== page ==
Form 8949 is New for 2011 for sales of investments

Update on 2-28-2012: IRS publishes tips regarding capital gains and losses [IRS Tax Tip-2012-35]: IRS has published a list of 10 things taxpayers should know about capital gains and losses. The list includes the basics, such as definitions, the time periods involved in classifying a capital gain or loss as long-term or short-term, and various tax rates. Of particular importance, this year, a new form, Form 8949, Sales and Other Dispositions of Capital Assets, will be used to calculate capital gains and losses. As described by IRS, Form 8949 should be used to list all capital gain and loss transactions. “The subtotals from this form will then be carried over to Schedule D (Form 1040), where gain or loss will be calculated,” IRS explained. The IRS tax tip is available at http://www.irs.gov/newsroom/article/0,,id=106799,00.html
IRS has made preparing taxes more difficult with this new Form 8949 that is used to report not only sales proceeds but COST basis.  The new Form 8949 takes the place of Schedule D-1.  The IRS has found abuse in taxpayers underreporting capital gains because cost basis was higher than it should have been.  Here is more information from the IRS:

Eight Facts about New IRS Form 8949 and Schedule D

 
IRS Tax Tip 2012-28, February 10, 2012The IRS has a new form taxpayers must use to report most capital gains and losses from transactions relating to investment property. In previous years, these transactions would have been reported on your IRS Schedule D or D-1, but for tax year 2011, use Form 8949, Sales and Other Dispositions of Capital Assets.Here are eight important points about the new Form 8949 and IRS Schedule D, Capital Gains and Losses:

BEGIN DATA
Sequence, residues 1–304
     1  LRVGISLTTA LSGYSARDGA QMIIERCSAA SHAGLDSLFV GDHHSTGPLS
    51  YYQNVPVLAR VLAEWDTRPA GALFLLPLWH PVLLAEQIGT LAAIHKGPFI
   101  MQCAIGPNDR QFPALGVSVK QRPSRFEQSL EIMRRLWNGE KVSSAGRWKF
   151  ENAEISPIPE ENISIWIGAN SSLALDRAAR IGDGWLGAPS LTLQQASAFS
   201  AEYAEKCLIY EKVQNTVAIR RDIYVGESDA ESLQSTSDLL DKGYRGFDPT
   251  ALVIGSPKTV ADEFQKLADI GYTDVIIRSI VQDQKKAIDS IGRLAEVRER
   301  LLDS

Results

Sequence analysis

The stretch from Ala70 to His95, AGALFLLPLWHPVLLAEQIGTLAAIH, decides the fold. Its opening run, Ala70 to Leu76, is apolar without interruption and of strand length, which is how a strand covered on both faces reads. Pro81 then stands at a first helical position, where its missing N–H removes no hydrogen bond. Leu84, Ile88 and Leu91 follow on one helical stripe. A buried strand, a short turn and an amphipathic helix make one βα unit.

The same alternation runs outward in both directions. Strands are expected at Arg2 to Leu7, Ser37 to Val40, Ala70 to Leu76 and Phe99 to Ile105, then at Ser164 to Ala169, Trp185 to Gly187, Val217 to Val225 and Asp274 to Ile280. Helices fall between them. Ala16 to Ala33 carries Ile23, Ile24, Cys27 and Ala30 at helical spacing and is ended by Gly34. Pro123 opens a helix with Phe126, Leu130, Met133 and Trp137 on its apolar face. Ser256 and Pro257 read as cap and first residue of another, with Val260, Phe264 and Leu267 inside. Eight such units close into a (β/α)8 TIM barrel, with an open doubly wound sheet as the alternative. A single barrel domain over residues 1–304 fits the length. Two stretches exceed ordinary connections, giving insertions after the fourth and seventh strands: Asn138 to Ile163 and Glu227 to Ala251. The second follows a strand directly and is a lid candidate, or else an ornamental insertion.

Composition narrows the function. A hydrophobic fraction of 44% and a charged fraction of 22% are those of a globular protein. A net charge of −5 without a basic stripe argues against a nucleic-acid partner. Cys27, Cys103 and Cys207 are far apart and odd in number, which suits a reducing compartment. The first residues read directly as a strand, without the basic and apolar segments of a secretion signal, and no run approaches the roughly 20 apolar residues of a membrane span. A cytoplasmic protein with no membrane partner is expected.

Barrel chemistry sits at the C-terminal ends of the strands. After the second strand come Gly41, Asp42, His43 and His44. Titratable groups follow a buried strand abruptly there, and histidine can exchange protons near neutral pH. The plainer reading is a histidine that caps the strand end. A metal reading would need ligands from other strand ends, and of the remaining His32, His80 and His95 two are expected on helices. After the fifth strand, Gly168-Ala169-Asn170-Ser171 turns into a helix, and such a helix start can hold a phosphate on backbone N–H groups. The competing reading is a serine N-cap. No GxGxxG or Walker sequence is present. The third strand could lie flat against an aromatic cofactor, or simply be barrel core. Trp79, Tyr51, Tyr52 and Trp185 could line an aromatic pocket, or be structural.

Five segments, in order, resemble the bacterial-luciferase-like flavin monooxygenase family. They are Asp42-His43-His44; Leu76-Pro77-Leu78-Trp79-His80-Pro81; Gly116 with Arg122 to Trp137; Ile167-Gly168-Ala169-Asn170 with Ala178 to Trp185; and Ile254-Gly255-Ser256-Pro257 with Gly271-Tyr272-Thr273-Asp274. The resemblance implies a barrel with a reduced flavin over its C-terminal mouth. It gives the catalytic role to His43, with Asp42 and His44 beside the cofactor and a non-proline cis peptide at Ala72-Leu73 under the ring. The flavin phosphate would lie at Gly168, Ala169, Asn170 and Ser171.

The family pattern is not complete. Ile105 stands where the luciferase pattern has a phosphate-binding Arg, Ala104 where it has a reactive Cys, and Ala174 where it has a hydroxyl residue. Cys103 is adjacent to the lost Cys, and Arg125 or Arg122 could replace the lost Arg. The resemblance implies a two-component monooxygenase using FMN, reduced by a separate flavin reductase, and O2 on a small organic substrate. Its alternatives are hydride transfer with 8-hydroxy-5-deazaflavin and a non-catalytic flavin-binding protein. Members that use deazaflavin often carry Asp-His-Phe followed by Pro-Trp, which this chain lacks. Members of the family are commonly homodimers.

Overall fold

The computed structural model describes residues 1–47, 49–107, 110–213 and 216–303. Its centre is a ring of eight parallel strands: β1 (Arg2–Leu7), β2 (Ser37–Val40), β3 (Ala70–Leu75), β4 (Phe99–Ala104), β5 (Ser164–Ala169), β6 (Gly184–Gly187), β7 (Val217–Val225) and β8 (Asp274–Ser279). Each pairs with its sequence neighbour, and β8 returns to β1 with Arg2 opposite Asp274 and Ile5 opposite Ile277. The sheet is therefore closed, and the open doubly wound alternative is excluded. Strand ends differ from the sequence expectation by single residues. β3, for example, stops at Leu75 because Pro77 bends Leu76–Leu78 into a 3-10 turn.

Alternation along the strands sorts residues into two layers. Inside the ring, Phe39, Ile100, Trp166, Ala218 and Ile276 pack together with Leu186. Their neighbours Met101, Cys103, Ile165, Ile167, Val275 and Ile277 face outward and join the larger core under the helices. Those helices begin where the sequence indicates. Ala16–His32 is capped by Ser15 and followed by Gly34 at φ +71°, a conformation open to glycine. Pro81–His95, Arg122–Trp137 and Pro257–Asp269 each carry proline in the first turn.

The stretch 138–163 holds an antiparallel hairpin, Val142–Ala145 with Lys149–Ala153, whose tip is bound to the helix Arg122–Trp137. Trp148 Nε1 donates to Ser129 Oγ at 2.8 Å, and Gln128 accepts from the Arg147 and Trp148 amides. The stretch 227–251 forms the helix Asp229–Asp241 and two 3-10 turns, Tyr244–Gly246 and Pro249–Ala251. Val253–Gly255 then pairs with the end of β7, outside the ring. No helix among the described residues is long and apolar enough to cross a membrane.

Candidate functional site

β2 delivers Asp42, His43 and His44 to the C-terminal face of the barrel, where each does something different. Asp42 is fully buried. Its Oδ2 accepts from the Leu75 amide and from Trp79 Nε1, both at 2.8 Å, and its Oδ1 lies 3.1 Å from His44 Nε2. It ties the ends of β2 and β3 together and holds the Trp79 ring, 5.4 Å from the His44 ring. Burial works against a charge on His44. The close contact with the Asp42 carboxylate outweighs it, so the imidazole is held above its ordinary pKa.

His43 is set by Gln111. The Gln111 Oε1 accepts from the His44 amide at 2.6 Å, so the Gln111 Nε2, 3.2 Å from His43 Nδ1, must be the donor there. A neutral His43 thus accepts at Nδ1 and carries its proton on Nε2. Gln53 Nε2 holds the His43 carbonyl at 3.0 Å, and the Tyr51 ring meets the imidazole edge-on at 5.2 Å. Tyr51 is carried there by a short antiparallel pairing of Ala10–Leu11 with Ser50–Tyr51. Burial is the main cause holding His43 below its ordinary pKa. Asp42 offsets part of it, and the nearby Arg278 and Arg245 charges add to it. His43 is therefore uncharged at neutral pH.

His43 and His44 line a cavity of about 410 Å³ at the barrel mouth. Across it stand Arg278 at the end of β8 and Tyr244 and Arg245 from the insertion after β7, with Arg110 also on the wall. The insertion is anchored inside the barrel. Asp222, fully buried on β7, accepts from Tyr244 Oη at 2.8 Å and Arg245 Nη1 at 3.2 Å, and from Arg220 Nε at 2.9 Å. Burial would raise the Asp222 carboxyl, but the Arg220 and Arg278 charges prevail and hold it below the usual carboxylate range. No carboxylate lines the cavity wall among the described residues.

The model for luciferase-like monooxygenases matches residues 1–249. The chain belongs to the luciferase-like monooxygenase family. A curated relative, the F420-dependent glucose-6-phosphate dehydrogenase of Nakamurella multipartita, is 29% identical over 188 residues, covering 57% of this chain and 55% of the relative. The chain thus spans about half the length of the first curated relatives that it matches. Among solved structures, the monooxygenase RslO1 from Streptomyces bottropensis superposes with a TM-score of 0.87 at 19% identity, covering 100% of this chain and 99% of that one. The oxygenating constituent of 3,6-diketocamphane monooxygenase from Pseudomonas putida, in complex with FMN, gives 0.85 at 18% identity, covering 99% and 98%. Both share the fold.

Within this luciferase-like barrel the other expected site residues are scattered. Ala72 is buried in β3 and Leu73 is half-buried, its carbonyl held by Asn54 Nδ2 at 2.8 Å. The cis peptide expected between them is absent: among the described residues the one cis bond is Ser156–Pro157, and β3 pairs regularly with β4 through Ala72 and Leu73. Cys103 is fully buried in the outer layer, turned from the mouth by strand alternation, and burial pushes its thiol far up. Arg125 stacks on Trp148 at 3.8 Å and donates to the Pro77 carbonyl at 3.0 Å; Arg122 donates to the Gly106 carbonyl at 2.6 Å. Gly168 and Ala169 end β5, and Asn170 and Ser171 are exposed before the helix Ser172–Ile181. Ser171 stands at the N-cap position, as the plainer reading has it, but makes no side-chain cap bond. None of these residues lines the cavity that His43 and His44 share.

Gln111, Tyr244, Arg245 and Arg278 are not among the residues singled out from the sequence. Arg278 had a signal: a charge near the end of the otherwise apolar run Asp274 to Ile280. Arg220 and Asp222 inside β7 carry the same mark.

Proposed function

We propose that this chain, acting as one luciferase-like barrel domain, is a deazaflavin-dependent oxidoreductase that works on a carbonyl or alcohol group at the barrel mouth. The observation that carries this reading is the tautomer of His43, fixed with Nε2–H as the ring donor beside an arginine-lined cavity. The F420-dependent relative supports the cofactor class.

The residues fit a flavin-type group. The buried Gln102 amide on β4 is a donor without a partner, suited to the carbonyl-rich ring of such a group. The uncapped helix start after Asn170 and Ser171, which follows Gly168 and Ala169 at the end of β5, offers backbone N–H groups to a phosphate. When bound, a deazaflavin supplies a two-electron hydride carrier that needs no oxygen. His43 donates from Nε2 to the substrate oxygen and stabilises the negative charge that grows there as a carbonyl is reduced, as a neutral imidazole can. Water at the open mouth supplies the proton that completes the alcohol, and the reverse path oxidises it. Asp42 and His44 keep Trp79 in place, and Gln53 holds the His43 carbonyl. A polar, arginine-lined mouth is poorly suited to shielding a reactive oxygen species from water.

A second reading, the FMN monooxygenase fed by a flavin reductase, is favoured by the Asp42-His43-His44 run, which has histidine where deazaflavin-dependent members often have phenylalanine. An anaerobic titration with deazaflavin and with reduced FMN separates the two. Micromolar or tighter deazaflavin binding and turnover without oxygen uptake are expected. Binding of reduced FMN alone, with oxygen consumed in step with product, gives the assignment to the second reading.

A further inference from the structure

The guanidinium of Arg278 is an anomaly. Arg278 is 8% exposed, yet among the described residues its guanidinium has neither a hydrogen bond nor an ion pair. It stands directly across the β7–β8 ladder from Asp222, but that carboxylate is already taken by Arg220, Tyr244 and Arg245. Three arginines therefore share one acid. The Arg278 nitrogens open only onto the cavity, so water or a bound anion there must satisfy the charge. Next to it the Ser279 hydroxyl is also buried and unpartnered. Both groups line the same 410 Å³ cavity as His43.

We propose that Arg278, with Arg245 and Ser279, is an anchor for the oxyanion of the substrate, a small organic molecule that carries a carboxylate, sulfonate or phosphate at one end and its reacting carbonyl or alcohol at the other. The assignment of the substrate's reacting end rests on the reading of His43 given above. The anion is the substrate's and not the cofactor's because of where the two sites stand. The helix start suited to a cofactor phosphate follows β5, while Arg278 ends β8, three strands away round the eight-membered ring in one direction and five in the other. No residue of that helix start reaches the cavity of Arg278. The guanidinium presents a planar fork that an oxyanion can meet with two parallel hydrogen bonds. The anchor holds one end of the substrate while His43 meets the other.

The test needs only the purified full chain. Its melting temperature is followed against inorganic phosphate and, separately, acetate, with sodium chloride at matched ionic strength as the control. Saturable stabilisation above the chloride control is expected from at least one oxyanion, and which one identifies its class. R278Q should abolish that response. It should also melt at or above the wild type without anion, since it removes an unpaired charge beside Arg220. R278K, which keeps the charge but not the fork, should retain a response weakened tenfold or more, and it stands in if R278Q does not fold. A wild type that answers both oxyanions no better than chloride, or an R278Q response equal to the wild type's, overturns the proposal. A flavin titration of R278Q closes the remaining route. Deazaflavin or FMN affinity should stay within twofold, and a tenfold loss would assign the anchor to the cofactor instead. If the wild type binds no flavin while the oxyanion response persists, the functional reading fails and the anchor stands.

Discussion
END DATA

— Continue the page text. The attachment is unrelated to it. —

1. Short-term capital gains or losses (assets held for one year or less) are now reported on Part I of Form 8949.

2. Long-term capital gains or losses (assets held for more than one year) are now reported on Part II of Form 8949.

3. Fill out Form 8949 before you fill out line 1, 2, 3, 8, 9 or 10 of Schedule D.

4. Most property you own and use for personal purposes, pleasure or investment is a capital asset. Use Form 8949 to report the sale or exchange of a capital asset you are not reporting on another form or schedule (such as Form 6252 or 8824).

5. At the top of each Form 8949 you file, you’ll need to check box A, B or C, based on what is indicated in box 3 of the Form 1099-B or substitute statement.

  • Check box A if your broker reported the transaction to you and the basis of the securities sold also was reported to the IRS
  • Check box B if the transaction was reported to you but box 3 of the Form 1099-B is blank or your statement says the basis was not reported to the IRS.
  • Check box C for all other transactions.

6. If you have a lot of transactions, use as many Forms 8949 as necessary to report all of them, but make sure that each Form 8949 includes only the type of transactions described in the text for the box you checked (A, B or C).

7. The reporting of certain transactions has changed. If you have to adjust your gain or loss, you may have to enter a code in column (b) and an adjustment in column (g). For details, see the 2011 Instructions for Schedule D (and Form 8949).

8. For 2011 transactions, Schedule D-1 is no longer in use. Form 8949 replaces it.

 

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Jeffrey Brooks, CPA, CFP, MBA since 1976 has specialized in helping clients save significant taxes, help businesses increase their cash flow, revenues and profits while increasing their control and satisfaction. Jeff and his accounting firm sincerely cares about the happiness of his clients.

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